- Deputy chief of staff - Reports to the chief of staff.
- Legislative director (LD), senior legislative assistant (SLA), or legislative coordinator (LC) is a person who oversees legislative staff, including all legislative assistants and correspondent. There is usually one in each office.4
- Legislative correspondent (LC) - Responsible for drafting letters in response to constituents' comments and questions and also generally responsible for a few legislative issues. According to the Dirksen Congressional Center, most House offices have one or two, while Senators have three to five, depending on their state's population.4
- Press secretary or communications director - Responsible for Member's relationship with media; is the liaison for the local and national press; issues press releases.1
- Caseworkers or constituent services representatives - Responsible for helping constituents deal with problems relating to federal agencies. For example, caseworkers help individuals secure veterans' benefits, aid with Social Security and Medicare, and resolve immigration issues.4 Caseworkers may also provide mediation services to constituents and obtain government information and publications.1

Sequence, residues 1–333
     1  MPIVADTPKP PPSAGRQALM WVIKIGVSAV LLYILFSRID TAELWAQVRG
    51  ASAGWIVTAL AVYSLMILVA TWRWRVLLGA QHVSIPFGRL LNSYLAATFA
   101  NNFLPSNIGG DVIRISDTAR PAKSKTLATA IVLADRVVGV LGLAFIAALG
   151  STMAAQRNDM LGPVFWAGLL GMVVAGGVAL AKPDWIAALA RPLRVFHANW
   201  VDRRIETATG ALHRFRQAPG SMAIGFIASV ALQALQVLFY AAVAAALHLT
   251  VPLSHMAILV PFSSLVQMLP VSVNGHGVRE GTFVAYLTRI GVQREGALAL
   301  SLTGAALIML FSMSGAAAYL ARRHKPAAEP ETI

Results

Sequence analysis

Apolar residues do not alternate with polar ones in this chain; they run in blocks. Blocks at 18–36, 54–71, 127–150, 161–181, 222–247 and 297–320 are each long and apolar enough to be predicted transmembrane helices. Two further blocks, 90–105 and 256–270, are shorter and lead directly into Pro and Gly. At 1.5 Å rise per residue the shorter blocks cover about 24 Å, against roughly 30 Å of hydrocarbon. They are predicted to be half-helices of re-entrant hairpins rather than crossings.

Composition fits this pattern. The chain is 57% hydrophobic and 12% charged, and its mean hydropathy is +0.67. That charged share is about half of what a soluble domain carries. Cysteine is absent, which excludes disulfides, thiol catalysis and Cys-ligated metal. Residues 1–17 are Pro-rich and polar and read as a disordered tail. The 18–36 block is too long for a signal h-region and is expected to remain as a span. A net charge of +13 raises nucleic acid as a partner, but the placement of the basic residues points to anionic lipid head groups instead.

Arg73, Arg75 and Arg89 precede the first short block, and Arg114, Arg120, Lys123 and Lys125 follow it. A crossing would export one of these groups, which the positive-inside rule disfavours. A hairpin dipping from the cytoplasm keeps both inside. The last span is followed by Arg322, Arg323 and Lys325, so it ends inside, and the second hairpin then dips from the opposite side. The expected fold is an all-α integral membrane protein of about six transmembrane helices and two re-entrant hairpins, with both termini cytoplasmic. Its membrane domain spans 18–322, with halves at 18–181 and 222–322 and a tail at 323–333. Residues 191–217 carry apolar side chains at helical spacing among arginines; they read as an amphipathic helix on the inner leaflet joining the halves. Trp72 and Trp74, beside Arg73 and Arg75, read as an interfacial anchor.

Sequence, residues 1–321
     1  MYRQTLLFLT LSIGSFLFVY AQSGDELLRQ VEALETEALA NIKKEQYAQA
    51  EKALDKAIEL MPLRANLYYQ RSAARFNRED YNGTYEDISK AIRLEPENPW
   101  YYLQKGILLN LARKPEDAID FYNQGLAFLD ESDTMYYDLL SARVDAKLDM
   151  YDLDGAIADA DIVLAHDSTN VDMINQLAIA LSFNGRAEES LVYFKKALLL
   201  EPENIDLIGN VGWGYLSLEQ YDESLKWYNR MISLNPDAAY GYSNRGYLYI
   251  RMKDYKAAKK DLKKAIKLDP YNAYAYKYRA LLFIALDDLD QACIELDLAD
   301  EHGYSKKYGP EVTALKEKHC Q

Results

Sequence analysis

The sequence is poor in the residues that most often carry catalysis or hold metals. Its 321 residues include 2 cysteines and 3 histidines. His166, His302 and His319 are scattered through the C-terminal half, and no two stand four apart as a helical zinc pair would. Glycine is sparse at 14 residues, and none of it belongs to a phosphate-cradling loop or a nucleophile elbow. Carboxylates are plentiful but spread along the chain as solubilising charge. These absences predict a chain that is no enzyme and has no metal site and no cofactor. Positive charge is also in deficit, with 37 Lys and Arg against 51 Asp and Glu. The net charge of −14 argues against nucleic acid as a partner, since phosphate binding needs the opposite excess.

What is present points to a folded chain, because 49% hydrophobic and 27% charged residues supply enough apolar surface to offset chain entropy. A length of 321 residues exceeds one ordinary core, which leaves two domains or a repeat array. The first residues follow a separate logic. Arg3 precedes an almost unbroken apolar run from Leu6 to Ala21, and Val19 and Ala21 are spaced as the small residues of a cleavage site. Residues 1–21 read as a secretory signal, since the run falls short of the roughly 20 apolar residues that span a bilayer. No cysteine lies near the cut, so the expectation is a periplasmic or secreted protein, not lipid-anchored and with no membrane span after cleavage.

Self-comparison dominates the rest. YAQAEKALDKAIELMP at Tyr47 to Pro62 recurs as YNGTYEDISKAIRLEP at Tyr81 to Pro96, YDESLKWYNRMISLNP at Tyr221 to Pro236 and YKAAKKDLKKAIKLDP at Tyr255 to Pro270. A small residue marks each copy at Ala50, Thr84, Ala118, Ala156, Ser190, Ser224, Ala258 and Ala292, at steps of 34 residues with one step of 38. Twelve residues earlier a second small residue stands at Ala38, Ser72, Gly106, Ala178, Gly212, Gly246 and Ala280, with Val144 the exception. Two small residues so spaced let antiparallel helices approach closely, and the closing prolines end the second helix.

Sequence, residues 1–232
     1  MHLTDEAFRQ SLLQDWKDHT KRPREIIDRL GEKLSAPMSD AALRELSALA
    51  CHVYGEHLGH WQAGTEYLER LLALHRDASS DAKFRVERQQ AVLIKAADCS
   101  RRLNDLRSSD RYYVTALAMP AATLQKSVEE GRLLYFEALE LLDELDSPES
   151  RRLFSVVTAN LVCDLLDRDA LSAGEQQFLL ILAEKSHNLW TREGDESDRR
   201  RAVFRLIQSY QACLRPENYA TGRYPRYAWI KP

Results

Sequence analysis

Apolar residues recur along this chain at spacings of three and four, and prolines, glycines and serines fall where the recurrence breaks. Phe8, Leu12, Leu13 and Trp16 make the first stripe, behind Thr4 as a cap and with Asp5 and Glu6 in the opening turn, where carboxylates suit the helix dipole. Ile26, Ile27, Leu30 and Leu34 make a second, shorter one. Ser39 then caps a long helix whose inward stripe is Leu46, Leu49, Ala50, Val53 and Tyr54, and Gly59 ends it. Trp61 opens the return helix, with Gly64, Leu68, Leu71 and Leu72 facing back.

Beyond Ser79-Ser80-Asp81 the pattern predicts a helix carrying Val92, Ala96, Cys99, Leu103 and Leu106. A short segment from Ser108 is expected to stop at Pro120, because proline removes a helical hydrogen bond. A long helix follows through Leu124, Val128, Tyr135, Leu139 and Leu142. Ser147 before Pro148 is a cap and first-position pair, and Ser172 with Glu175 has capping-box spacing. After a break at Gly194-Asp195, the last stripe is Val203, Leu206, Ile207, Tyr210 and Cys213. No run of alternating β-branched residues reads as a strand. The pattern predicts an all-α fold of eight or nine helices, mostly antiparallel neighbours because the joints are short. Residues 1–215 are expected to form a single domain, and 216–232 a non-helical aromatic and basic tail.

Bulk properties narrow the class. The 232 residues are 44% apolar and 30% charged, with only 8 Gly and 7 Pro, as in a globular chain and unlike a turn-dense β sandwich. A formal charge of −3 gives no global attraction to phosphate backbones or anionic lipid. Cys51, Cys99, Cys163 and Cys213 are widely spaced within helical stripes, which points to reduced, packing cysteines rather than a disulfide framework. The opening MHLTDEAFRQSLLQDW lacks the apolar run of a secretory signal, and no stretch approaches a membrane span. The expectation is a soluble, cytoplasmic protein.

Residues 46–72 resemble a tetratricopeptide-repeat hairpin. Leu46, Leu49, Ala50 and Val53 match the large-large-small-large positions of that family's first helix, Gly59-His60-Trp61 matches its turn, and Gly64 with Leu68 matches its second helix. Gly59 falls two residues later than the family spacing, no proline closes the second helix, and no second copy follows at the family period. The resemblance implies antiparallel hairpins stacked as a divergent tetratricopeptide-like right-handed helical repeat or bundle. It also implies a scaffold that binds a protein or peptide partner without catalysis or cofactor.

Each congressional committee has a staff, of varying sizes. Appropriations for committee staff are made in annual legislative appropriations bills. Majority and minority members hire their own staff exception on two select committees in each house - the Committee on Standards of Official Conduct and Permanent Select Committee on Intelligence in the House and the Select Committee on Ethics and Senate Select Committee on Intelligence in the Senate. These committees have a single staff.1
In 2000, House committees had an average of 68 staff and Senate committees an average of 46. Committee staff includes both staff directors, committee counsel, committee investigators, press secretaries, chief clerks and office managers, schedules, documents clerks, and assistants.1
- C-SPAN's Capitol Questions, November 15, 2000.
- Daniel Schuman, "What's The Average Salary of House Staff?" (December 2, 2009). Sunlight Foundation.
- "Overview of 13 common staff positions". U.S. House of Representatives Committee on House Administration. Retrieved 2014-02-27.
- "How to Communicate Effectively with Congress," Dirksen Congressional Center.